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Our selectmen took away from us the opportunity to 'reuse'

To The Daily Sun,

Last week Sanbornton residents and selectmen experienced, together, some real democracy-in-action. People were not at home on their couches with their clickers for the evening. We came to a rare, public hearing. We will come to a resolution of our Transfer Station/Recycling Center's problematic, new changes, I am confident.

Hopefully, all parties realize the sincerity we have in common. Our selectmen give up enormous chunks of personal time to do the job we elected them to do, and we can be grateful. On their part, where so many voice that our selectmen have erred in their recent Transfer Station/Recycling Center decision, the selectmen should find it in their hearts to honor the testimonies of our public hearing attendees, who took time out of their busy lives to do their democratic duty and not sit by passively.

To buttress the "argument of the people," I want to stress that both the EPA's recommendations for solid waste management and our state level's prioritize "reuse." Reuse does not break something down for use in re-manufacture — that's recycling. Reuse maintains the item in its current form and extends its use. In our swap area's instance or former metal pile's instance, a perfectly good pair of blue jeans or a parka can be used by another. It's hand-me-downs in a family. A walker can be passed on to another needing a walker. A wheelbarrow can continue use as a wheelbarrow. Parts from one snowmobile can be reused to repair another. A book finished with by one can be taken home by another for entertainment or information. Toys that are outgrown, but unbroken and clean, can remain useful. Kitchenware and appliances can have extended life. Someone just no longer needed them.

Our Selectmen's Sept. 16 decision took away from us the "reuse" opportunity that so many want and many count on, being resourceful New Englanders.

Lynn Rudmin Chong

Sanbornton

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I worked at HP; I can tell you, Carly turned that company around

To The Daily Sun,

I worked at Hewlett-Packard for about eight years, and left the company just a few years before Carly Fiorina took over. I can tell you from first-hand experience what HP was really like back then.

While her detractors paint an idealistic portrait of a company before her tenure — where everything was in good order and people were happy – this could not be further from the truth.

It is true that HP was still a great company when I started working there in the '80s. But by the '90s, the company was struggling. HP was operating in a cutthroat economic environment and made a series of managerial missteps that destroyed the morale and the customer focus of their employees.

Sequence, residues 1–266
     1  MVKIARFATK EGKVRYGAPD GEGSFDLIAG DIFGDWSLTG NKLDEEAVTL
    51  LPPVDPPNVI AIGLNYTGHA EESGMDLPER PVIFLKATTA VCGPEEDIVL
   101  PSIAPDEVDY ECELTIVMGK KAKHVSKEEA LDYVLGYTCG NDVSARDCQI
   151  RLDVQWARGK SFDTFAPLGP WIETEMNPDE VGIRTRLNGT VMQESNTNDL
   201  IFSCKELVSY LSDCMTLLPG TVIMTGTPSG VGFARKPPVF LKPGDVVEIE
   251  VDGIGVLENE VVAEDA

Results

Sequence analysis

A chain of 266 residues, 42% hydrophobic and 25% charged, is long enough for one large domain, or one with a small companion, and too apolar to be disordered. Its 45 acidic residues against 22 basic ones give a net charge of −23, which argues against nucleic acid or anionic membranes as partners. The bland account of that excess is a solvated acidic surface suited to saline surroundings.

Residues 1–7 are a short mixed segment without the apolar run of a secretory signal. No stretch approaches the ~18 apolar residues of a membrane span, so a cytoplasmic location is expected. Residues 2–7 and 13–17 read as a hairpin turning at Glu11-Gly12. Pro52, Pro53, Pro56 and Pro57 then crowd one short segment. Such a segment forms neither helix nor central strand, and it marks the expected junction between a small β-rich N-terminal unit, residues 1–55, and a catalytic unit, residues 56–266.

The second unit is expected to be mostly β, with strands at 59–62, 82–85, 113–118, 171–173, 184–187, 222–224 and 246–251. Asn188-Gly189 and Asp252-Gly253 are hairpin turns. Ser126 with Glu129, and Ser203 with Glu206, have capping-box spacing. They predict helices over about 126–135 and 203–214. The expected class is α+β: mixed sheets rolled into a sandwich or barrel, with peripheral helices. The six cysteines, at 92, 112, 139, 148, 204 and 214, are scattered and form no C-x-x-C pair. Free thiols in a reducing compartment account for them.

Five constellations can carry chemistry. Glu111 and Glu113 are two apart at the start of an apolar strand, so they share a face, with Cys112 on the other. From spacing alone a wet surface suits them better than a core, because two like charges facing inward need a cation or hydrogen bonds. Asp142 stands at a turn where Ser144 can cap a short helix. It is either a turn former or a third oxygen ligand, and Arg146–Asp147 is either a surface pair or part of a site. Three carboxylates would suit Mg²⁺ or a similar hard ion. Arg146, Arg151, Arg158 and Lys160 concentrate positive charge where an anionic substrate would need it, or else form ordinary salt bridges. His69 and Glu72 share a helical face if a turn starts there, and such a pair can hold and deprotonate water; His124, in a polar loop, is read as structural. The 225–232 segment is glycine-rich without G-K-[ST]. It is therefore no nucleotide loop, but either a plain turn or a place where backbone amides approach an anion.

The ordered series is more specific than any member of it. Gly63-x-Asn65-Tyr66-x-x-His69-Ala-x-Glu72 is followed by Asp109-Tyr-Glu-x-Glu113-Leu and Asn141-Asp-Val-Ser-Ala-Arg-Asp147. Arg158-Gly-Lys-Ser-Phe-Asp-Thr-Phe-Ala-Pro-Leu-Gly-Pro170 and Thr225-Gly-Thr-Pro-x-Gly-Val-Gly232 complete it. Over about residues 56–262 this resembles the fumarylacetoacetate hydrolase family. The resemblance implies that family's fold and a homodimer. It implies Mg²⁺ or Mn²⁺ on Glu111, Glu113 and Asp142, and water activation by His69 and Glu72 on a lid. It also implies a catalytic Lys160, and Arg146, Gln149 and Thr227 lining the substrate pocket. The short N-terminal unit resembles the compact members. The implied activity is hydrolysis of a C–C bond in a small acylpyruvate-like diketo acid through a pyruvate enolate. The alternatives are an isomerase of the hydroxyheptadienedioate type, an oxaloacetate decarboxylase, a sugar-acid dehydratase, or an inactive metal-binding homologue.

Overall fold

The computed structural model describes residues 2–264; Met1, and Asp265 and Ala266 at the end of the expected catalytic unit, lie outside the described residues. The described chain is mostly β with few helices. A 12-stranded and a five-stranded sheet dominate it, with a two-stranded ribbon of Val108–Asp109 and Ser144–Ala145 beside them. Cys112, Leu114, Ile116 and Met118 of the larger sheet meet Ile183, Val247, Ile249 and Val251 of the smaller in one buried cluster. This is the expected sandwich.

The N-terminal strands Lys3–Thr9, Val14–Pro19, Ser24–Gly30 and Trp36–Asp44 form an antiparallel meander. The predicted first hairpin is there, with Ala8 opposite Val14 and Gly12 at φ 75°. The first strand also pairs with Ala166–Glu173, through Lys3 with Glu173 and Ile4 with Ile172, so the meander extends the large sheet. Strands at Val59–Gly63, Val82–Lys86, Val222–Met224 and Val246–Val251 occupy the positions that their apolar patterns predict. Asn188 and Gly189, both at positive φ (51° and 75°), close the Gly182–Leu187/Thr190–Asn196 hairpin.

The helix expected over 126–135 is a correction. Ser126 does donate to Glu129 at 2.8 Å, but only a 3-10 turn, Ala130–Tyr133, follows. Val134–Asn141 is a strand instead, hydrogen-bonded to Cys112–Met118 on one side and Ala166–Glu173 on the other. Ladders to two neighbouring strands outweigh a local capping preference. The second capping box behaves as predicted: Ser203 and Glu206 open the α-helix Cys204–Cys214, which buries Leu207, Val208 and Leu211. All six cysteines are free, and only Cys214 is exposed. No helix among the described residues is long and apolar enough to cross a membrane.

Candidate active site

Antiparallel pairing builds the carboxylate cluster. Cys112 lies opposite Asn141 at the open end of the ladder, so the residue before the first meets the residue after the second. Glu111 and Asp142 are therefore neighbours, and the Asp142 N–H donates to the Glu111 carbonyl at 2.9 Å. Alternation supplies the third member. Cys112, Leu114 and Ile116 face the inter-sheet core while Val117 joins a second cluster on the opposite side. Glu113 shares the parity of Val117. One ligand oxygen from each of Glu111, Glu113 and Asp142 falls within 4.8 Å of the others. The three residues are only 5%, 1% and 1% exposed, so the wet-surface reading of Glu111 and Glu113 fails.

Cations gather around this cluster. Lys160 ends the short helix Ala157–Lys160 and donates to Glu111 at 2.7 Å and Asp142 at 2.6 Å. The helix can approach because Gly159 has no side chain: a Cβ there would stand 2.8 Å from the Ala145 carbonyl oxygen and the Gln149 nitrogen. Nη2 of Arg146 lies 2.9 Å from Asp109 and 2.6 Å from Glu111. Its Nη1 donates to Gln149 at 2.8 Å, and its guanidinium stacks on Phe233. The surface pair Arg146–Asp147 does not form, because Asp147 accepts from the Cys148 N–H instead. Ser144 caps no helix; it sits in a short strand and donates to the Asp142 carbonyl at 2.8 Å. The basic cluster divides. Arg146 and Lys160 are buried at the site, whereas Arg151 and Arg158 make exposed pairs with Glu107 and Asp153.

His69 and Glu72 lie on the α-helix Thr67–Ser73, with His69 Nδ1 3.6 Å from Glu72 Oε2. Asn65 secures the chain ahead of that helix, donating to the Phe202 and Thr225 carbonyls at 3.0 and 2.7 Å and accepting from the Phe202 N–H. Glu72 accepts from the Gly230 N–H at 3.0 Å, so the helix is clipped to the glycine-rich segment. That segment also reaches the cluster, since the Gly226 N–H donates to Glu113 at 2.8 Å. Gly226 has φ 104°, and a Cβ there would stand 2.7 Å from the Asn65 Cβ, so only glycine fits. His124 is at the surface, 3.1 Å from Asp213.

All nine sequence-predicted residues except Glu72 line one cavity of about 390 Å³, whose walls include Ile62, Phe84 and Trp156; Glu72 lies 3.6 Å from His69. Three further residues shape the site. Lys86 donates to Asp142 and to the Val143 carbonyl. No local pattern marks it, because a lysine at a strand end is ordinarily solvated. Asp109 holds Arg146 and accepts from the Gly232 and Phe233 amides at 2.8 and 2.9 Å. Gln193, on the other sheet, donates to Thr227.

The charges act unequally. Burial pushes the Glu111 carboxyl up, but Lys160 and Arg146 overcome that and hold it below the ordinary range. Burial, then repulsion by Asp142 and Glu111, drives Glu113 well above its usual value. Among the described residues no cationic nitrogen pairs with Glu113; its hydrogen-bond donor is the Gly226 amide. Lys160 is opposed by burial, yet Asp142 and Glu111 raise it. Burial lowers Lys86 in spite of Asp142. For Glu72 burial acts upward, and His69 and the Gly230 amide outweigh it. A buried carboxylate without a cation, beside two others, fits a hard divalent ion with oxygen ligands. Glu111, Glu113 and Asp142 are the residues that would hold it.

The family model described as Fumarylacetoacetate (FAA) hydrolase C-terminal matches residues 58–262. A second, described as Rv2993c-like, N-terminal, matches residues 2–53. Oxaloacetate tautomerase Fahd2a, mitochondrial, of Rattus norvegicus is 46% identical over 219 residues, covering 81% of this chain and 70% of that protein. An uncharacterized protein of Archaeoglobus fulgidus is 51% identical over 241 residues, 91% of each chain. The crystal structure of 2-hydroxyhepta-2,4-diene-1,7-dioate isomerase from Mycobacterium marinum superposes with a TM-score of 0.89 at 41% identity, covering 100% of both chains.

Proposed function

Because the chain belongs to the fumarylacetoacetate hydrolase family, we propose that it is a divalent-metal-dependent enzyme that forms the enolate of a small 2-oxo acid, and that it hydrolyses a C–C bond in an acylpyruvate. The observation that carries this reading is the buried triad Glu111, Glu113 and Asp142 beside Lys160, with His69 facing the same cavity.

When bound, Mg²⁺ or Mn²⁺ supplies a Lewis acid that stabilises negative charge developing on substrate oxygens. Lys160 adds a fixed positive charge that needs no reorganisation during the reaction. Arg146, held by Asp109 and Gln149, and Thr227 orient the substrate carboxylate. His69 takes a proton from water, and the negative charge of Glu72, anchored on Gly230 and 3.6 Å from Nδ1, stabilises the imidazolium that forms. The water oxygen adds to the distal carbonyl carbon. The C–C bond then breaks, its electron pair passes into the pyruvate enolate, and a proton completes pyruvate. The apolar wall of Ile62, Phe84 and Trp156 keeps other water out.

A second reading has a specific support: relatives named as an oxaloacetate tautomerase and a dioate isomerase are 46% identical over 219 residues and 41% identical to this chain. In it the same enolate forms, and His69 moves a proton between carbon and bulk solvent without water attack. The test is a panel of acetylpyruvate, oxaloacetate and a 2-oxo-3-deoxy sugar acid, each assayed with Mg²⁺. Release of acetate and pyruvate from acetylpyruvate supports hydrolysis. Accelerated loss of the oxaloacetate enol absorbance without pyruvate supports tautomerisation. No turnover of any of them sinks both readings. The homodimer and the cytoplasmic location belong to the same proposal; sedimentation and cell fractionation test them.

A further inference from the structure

I personally witnessed this stressful work environment that led to employees breaking down emotionally and physically. Many were pushed to work long hours of overtime while their family lives suffered.

If they did not work overtime and were then unable to keep up with increased workloads, they received poor performance reviews and were pressured to leave the company. When they did leave, their positions would then be filled with temporary workers who could be hired and fired much more easily than a permanent employee — even though HP's written policy had long been not to be a hire-and-fire type of company but, rather, one that professed to value its employees.

This situation impacted our customers as well. From 1992 to 1995, I worked as a contracts specialist in the Customer Support Business Center, where I and my fellow employees worked with many of HP's best customers. This was an area of the company that was critical to HP's long-term success because services were producing higher profit margins than equipment sales.

However, ongoing, multiple reorganizations left customers confused because their employee contacts within the company kept changing, and response times to customer inquiries suffered because there weren't enough people to handle the load. Additionally, outdated, cumbersome, time-consuming software was used to manage our customers' service agreements, leading to still more frustration for both customers and employees alike.

I kept in touch with several of my former coworkers after I left HP in 1995 and, according to them, the problems only got worse. Bad decisions at the top trickled down to both employees and customers, ultimately leading to lowered earnings.

It became clear that a change was needed, and HP brought in Carly Fiorina. Among other accomplishments, she streamlined the bureaucracy within the company and made it easier for customers to get the help they needed. More to the point, Carly took a company that had been significantly diminished by gross mismanagement and turned it around.

Just a few months into her time at HP, the dot-com bubble burst, followed by a major stock market crash. Everything changed. Layoffs, mergers and bankruptcies became the norm. Several of HP's competitors no longer exist.

Carly's critics have tried to blame her for what happened next at HP, but they fail to mention the terrible impact the recession had on companies all over the country, and the fact that HP remained a viable company that employed tens of thousands of American employees while Carly was at the helm. That is far more than you can say for other Silicon Valley companies at that time.

In short, Carly Fiorina is exactly the leader we need in the White House and my family and I are proud to support her.

Tom Ambrose

Rumney

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